Widmer’s Cheese: 100 Years of Continuity Still Tastes Good

This is a picture of Joey and Joe Widmer at the Widmer's Cheese factory in Theresa, Wisconsin.

The village of Theresa, Wisconsin (pop. 1200+), on the Rock River south of Fond du Lac, is home to a cheese factory run by one family for more than 100 years.

Formerly the Riverside Cheese Factory, the small-two story building decorated with the crests of Switzerland’s 20-plus cantons houses an operation that relies on traditional recipes and, in one case, antique equipment.

Widmer’s Cheese Cellars has been located in Theresa since 1922. On the walls in the office are life-size posters of its first two generations of cheesemakers. Joe Widmer, Wisconsin Master Cheesemaker, and his son, Joey, are part of the third and fourth generations of the operation.

“We’re still using the bricks (that) my grampa used in 1922,” Widmer said. Those bricks are the same equipment that Widmer’s Cheese uses to make its Aged Brick cheese, one of the products that sets Widmer’s apart from other cheese producers around America’s Dairyland.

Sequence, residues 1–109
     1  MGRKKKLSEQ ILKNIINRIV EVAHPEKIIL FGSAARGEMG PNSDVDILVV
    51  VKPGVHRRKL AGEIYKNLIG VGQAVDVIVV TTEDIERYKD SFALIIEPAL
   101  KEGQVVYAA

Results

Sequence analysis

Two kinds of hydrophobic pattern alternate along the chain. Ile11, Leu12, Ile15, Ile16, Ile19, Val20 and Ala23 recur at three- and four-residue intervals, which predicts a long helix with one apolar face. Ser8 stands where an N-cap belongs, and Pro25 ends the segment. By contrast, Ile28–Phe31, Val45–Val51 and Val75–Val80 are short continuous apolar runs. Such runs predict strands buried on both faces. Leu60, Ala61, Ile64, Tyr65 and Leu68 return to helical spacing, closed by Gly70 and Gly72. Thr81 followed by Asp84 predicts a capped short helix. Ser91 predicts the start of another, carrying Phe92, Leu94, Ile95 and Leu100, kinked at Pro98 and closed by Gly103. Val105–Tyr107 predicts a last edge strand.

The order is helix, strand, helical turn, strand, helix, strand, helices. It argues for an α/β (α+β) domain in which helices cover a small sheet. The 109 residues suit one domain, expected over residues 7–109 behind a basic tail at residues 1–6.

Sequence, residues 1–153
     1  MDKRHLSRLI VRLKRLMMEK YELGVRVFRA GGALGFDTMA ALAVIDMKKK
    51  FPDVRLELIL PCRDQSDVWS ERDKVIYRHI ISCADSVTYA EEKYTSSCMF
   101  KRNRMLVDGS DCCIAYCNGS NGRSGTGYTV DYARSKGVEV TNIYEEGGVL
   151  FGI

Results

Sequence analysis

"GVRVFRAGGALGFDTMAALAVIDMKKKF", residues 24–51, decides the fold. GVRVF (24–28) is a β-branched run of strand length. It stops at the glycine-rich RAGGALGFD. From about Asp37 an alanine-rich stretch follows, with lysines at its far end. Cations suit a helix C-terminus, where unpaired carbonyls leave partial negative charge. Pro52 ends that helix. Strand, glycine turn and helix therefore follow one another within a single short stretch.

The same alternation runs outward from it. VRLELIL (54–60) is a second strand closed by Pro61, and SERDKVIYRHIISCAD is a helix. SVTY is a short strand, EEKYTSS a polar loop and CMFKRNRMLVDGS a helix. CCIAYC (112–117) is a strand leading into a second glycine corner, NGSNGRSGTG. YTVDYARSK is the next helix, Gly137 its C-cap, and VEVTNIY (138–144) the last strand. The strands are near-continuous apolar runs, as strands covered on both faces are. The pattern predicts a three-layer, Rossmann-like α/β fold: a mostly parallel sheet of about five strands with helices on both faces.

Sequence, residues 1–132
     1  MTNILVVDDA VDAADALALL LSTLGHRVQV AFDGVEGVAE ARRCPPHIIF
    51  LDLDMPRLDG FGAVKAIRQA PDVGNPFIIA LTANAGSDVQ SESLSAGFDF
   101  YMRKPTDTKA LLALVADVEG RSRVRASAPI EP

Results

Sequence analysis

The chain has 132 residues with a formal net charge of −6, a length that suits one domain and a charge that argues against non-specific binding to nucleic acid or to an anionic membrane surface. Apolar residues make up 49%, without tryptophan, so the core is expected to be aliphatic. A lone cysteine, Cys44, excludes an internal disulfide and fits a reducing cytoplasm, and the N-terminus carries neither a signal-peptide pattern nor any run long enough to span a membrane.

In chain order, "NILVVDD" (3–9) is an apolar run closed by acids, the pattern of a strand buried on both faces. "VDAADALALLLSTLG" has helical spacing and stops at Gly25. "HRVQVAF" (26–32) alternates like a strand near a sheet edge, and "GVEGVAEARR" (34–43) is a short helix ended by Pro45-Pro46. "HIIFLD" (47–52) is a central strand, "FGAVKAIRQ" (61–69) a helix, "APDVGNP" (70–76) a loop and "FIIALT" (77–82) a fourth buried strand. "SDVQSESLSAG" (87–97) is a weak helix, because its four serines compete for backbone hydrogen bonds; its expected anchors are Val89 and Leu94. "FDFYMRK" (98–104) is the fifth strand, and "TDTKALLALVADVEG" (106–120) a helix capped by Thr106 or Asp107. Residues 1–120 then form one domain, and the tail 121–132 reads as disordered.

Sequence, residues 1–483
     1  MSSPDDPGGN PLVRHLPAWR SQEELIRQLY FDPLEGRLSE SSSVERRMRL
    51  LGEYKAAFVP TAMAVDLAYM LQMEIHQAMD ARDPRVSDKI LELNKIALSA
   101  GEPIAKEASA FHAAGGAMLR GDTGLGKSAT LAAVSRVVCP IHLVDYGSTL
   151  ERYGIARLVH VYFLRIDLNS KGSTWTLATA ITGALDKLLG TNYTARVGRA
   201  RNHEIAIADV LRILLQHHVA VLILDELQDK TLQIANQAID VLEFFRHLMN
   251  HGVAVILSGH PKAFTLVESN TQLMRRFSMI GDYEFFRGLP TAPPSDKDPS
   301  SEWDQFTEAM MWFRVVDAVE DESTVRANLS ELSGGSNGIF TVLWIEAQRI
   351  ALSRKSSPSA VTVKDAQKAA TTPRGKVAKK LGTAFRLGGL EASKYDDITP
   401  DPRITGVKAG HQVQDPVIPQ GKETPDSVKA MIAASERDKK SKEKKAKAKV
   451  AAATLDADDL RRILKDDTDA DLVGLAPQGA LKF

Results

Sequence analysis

Brick cheese, a washed-rind cheese, was invented in 1877. German, Italian and French cheesemakers emigrated to the United States, and they went to Wisconsin, where the milk was, Widmer said.  His own ancestry is Swiss, hence the Alpine décor outside the factory’s shop doors.

The Widmers bought a cheese factory in Greenwood, Wisconsin in 1918, then moved to Theresa in 1922, and operated under the name Riverside Cheese Factory. Widmer’s staff of 23 employees celebrated its centennial last year.

Widmer’s Aged Brick is carried by specialty shops like Zingerman’s Deli in Ann Arbor, Michigan, and Fromagination in Madison.  Fromagination staffers visited Widmer’s in Theresa in mid-March this year.

While Widmer’s makes several kinds of classic Wisconsin cheeses, including Cheddar and Colby – which  like brick, was also born in Wisconsin – the Brick cheese is probably more interesting to visitors.  Widmer prefers making Brick cheese, but it’s a more sensitive process.